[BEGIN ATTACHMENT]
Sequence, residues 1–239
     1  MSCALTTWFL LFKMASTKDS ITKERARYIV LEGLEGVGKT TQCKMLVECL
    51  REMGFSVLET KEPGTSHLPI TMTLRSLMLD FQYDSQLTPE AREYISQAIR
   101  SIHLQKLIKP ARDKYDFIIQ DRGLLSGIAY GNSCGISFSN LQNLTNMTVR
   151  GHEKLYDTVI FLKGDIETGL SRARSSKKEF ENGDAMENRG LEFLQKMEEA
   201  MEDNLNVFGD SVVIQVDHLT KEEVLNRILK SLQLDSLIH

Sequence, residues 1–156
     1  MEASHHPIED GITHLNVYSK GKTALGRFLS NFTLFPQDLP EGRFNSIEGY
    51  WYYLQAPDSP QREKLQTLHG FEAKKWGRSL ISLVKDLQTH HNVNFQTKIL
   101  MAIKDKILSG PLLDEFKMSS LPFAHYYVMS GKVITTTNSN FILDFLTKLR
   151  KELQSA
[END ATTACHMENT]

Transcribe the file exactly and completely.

Sequence, residues 1–239
     1  MSCALTTWFL LFKMASTKDS ITKERARYIV LEGLEGVGKT TQCKMLVECL
    51  REMGFSVLET KEPGTSHLPI TMTLRSLMLD FQYDSQLTPE AREYISQAIR
   101  SIHLQKLIKP ARDKYDFIIQ DRGLLSGIAY GNSCGISFSN LQNLTNMTVR
   151  GHEKLYDTVI FLKGDIETGL SRARSSKKEF ENGDAMENRG LEFLQKMEEA
   201  MEDNLNVFGD SVVIQVDHLT KEEVLNRILK SLQLDSLIH

Sequence, residues 1–156
     1  MEASHHPIED GITHLNVYSK GKTALGRFLS NFTLFPQDLP EGRFNSIEGY
    51  WYYLQAPDSP QREKLQTLHG FEAKKWGRSL ISLVKDLQTH HNVNFQTKIL
   101  MAIKDKILSG PLLDEFKMSS LPFAHYYVMS GKVITTTNSN FILDFLTKLR
   151  KELQSA